• Jelle Wallays holds his bike aloft at the finish of Paris-Tours (Getty)Source: Getty
Jelle Wallays (Lotto Soudal) won Paris-Tours for the second time after a solo effort of 52 kilometres across the gravel sectors and short hills that form the key back section of the end of season classic.
By
SBS Cycling Central

14 Oct 2019 - 8:31 AM 

A strong headwind had made for a slow start to the 217-kilometre race, but the peloton split apart when it turned into crosswinds inside the final 90km. 

Defending champion Soren Kragh Andersen (Team Sunweb) was the first to lead off the serious attacks, and Wallays went off in pursuit of the Dane on one of the gravel sectors. 

Just as Wallays was about to make the bridge to Andersen, the 25-year-old punctured and had to watch as Wallays cruised past him into the race lead with Mavic neutral spares struggled with the wheel change.

Behind the front-runners, it was Groupama-FDJ that were saddled with the majority of the chasing workload for team leader Arnaud Demare. Niki Terpstra (Total Direct Energie) and Oliver Naesen (AG2R La Mondiale) were the other big names in the reduced group but lacked the teammates to help chase Wallays as his advantage stretched out to a minute.

A few flurries threatened to reduce the deficit, but the stop-start nature of the chase played into Wallays' hands and he actually increased his gap to the chase to a minute and 20 seconds with ten kilometres left. 

An attack by Terpstra after a race beset by mechanicals was followed by Naesen, but the pair made only limited inroads into Wallays' lead and the Belgian was able to sit up and enjoy his victory in the final metres.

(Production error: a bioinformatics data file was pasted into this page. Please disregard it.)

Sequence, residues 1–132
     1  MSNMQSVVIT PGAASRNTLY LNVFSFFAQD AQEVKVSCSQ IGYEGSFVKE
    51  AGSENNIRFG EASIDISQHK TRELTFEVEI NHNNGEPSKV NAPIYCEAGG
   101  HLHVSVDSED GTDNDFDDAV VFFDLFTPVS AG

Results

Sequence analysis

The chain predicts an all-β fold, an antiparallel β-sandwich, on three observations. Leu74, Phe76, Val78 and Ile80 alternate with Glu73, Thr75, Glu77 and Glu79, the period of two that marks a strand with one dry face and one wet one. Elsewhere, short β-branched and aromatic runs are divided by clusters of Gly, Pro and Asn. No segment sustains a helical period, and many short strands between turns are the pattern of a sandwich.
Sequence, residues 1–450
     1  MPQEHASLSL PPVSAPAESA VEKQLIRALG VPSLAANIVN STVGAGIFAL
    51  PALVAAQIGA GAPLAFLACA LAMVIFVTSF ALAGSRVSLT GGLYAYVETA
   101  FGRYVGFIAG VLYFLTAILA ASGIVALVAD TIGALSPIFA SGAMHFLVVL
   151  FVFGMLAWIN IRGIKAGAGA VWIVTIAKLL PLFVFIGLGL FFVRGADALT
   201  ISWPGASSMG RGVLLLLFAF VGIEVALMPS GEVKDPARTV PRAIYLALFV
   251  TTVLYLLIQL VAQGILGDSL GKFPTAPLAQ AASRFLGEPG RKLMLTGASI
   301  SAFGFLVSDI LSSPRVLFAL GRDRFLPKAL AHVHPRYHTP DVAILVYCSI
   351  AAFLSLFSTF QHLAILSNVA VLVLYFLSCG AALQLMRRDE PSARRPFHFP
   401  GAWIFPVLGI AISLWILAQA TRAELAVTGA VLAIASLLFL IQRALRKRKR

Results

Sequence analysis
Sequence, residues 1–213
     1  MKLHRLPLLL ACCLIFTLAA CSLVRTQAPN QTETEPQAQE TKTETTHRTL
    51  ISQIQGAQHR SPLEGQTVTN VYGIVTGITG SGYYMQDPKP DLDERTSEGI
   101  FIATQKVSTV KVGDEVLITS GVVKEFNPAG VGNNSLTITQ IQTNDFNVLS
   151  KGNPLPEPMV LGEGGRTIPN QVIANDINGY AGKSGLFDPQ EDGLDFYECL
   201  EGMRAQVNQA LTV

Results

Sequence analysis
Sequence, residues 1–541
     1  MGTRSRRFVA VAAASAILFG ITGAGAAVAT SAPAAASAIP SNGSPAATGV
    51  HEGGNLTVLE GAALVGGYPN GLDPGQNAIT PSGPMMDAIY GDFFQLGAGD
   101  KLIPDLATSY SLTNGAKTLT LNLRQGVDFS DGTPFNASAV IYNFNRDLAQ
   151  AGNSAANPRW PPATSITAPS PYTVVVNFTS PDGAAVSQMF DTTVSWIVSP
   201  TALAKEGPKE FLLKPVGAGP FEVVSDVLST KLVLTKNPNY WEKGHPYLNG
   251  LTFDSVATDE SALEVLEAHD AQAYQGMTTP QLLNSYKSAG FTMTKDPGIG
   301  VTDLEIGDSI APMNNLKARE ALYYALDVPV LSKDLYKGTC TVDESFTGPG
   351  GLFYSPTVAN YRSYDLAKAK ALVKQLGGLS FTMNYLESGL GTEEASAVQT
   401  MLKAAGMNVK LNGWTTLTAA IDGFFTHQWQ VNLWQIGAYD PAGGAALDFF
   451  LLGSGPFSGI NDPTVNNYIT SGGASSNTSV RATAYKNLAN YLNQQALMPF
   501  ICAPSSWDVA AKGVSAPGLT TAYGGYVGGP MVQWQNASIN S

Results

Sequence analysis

“There is no better way to finish the season," said Wallays. I felt really good the past couple of weeks and I was especially focusing on Paris-Tours, because this race suits me perfectly.

"Winning in such a way is the icing on the cake. The tough first part of the race certainly played into my hands, and I could take advantage of that later in the race. I could ride along in the first echelon quite comfortably and then, I already felt that my legs were good.”

The bold solo move wasn't the intention for the Belgian but he made the best of the situation to secure the memorable win.

“To be honest, I attacked in order to make a first selection but suddenly, I was riding alone at the front," said Wallays. "I thought that a small group would still join me but that didn’t happen. When Andersen punctured, I was completely on my own. On such a course, it is hard to control the race and I realised it would be a battle, man to man.”

Wallays has eight career victories to his name, and doesn't win out of turn, but has made something of a speciality out of Paris-Tours.

"Today was my third victory at Paris-Tours, two at the pros and one as an U23 rider," said Wallays. "To be called ‘Mister Paris-Tours’ makes me really proud. I even heard words like ‘King Paris-Tours’, that is of course a really special feeling.”